It was an emotional night for Coats Baptist Church from Coats, North Carolina. Fifty church members barely held back whoops of joy as “their” missionaries took the stage at the Feb. 1 International Mission Board’s Sending Celebration near Richmond, Virginia. Moments later, they silently wiped tears as they gathered around Bradley and Ember Wilkie to pray.
“We aren’t afraid to send our best [to the mission field] for advancing the Kingdom,” Neal Thornton, senior pastor at Coats Baptist Church, said, showing support for the new missionaries. “We want to be a sending church. We want to train our people in the missionary task.”
The couple felt God’s pull to missions years ago, but it was never the right time or place. Bradley went with members of his church to IMB’s Missions College where the missionaries help churches understand the missionary task. The training energized their church. Coats Baptist began to serve alongside an indigenous church to engage a least-reached people group in Mexico. That’s when things began to fall in place for Bradley and Ember.
“God used those trips, as well as our burden for the nations and our life experiences, to call us to serve as logistics coordinators in Mexico,” Ember said. Bradley shook his head in amazement at that sentence and added, “We aren’t seminary trained. We are lay people from the church. And now the church I grew up in — the church that invested and discipled us — is sending us to the nations.”
‘Call of God’
The Wilkies were part of 46 IMB missionaries unanimously appointed by the board of trustees on Feb. 1. Chuck Pourciau, trustee chairman and lead pastor of Broadmoor Baptist Church in Shreveport, Louisiana, urged the new missionaries at the Sending Celebration to not get caught up in having a perfect personality profile or excellence of speech. He warned there will be tough days on the field, even times when they might doubt their abilities and training.
“The call of God will be the only thing keeping you on the field. If you are sitting in those seats tonight, you have demonstrated that you are called,” Pourciau said. “Be energized by the fact that God called you. Embrace that call when all hope seems lost.”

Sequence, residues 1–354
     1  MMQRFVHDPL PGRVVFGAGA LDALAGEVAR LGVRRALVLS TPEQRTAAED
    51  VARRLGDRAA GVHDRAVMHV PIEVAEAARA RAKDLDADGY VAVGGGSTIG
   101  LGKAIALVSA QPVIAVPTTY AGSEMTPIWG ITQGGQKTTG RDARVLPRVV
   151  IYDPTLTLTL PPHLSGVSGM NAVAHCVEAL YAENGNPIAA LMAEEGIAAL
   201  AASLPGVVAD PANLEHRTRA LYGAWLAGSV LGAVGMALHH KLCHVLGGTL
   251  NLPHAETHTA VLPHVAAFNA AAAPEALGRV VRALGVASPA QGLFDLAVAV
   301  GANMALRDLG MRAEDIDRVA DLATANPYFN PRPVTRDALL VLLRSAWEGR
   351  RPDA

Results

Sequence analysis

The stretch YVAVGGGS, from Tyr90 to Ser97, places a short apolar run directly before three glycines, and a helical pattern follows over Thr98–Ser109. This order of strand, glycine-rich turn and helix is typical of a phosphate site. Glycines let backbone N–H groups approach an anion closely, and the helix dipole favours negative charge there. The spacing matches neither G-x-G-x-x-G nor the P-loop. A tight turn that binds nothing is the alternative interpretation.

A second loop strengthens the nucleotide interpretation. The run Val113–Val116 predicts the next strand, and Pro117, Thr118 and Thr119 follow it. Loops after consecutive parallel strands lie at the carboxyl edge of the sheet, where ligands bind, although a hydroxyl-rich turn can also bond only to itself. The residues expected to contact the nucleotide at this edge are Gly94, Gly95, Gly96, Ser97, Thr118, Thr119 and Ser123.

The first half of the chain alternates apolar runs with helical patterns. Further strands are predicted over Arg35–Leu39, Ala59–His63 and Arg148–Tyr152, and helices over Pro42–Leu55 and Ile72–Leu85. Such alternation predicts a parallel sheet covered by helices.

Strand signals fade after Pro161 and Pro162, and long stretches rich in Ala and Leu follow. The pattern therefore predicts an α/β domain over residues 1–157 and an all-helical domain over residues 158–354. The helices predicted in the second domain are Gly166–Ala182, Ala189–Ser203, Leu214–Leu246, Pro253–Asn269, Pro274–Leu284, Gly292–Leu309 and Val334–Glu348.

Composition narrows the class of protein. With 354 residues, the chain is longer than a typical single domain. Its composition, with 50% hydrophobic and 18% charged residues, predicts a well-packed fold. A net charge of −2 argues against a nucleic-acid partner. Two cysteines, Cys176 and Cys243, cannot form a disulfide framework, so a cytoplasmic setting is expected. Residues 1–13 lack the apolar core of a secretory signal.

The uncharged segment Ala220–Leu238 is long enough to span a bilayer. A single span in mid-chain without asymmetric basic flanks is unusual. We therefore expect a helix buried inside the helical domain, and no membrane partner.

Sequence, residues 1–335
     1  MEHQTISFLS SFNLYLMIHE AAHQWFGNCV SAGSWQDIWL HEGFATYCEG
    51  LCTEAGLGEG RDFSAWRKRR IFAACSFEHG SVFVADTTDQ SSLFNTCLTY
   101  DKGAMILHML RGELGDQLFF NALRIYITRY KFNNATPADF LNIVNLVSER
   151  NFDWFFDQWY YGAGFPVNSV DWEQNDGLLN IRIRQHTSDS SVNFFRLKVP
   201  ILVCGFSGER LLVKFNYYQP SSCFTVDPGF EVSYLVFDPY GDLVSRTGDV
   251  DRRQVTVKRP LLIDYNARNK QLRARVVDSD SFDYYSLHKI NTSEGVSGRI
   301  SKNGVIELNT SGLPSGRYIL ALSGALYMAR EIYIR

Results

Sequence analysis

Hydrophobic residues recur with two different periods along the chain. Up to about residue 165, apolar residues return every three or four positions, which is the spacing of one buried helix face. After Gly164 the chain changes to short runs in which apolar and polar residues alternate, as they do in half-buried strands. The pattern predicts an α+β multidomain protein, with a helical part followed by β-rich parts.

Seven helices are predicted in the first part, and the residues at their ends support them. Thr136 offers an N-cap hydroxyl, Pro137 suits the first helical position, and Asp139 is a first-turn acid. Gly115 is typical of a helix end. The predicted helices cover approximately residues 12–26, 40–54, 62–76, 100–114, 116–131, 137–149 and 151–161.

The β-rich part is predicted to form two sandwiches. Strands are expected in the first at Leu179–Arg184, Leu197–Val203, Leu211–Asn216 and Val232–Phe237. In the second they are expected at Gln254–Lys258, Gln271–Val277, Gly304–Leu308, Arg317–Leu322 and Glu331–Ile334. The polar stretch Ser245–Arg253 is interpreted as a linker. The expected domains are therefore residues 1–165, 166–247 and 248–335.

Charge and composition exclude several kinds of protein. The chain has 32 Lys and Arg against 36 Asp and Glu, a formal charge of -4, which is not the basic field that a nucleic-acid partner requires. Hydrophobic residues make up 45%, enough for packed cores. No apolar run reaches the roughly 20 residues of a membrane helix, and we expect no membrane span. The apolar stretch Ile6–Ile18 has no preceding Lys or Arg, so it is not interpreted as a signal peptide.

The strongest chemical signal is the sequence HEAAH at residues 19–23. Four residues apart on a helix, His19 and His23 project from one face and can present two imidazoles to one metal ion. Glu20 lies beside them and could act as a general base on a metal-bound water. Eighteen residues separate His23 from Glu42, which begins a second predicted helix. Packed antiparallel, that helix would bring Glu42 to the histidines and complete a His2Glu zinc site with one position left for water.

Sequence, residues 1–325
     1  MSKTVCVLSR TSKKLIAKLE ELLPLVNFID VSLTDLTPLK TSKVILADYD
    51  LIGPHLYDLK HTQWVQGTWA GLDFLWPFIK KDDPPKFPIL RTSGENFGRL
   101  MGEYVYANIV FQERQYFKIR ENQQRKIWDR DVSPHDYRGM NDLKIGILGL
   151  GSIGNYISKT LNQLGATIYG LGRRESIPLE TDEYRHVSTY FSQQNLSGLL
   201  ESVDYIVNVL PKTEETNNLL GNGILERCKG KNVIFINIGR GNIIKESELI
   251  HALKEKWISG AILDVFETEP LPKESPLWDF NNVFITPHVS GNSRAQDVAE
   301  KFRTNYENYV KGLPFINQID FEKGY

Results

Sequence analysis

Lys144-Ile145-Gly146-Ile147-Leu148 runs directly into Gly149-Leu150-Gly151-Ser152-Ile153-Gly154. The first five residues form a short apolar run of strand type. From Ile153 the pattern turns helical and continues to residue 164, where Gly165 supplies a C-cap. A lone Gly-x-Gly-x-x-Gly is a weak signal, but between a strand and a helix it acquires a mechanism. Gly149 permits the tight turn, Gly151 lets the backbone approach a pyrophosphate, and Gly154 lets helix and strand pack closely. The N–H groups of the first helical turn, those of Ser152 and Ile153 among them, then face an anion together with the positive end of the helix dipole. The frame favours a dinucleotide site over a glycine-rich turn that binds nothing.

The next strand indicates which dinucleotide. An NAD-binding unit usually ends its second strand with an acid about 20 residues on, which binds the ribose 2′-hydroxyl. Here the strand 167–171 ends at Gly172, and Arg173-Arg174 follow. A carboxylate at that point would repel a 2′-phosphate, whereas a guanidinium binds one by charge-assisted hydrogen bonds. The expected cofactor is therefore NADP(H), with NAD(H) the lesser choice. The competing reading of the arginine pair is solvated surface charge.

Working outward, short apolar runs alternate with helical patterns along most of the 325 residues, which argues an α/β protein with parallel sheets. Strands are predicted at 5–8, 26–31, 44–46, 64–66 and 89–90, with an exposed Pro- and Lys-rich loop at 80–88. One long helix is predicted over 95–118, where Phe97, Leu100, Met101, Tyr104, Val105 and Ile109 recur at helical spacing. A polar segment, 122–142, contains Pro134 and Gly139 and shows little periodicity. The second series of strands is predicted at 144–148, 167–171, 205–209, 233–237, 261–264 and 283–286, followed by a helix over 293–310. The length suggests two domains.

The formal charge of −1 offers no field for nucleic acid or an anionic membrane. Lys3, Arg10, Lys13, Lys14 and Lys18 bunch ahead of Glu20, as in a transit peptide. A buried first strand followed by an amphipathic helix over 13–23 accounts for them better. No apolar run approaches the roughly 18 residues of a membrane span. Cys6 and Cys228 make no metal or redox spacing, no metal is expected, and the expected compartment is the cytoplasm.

Michael and Jennifer Garner have done just that — clung to this call. When they first arrived on the mission field, the Garners planned on serving through the IMB’s mid-term option, a two-month to three-year commitment. But after three years, God made it clear He wanted them to continue serving overseas.
“Now, after eight years of serving, we are excited to finally be going through the appointment and sending process,” Jennifer said.
Northeast Baptist Church, Norman, Oklahoma, has been a constant support in their ministry. Ed Sasnett, senior pastor, admitted it humbles him every time God calls someone out of their congregation to serve.
To Sasnett, the Oklahoma church is a typical Southern Baptist congregation — gives to the Cooperative Program, Lottie Moon Christmas Offering and teaches about missions; but for the Garners, their sending church is anything but normal. They call the church their “safety net,” knowing they can always call on them. Northeast Baptist has walked through the highs and lows with the couple.
Honored and thankful
These church connections allow missionaries like the Garners to address the greatest problem in the world — spiritual lostness. They know God’s solution is the gospel and feel honored to be sent to share the good news.
Pourciau asked the appointees that once they arrive to their new homes they not wait until they mastered the culture and language before telling of God’s love. Instead, he challenged them to just start sharing.
“What God has called you to do can be done today and every day,” he said.
Daniel and Kaci Nease nodded their heads in agreement to the charge. Four years ago, they went straight from college to Poland with an IMB mid-term program. They hit the ground running. They worked with English camps and did evangelism and discipleship while trying to start a new church. When the Ukraine-Russia war started, their focus shifted to helping refugees.
Now, they return to Europe as a newly-appointed, long-term missionary family of five with plans to plant a new church. This type of work holds a special place in the heart of their sending church, The Mission in Fort Morgan, Colorado. In fact, The Mission is a church plant too.
“As a new church plant in Colorado, we set goals and markers. One was that we’d plant another church,” Joe Bowman, pastor of the church and Kaci’s father, said. “Little did we know this church was going to be on the other side of the world. We are so thankful for the IMB and how churches are connected to the nations.”
The next Sending Celebration will take place in June at the Southern Baptist Convention’s annual meeting in New Orleans.
EDITOR’S NOTE — This story was written by Sue Sprenkle and originally published by the International Mission Board.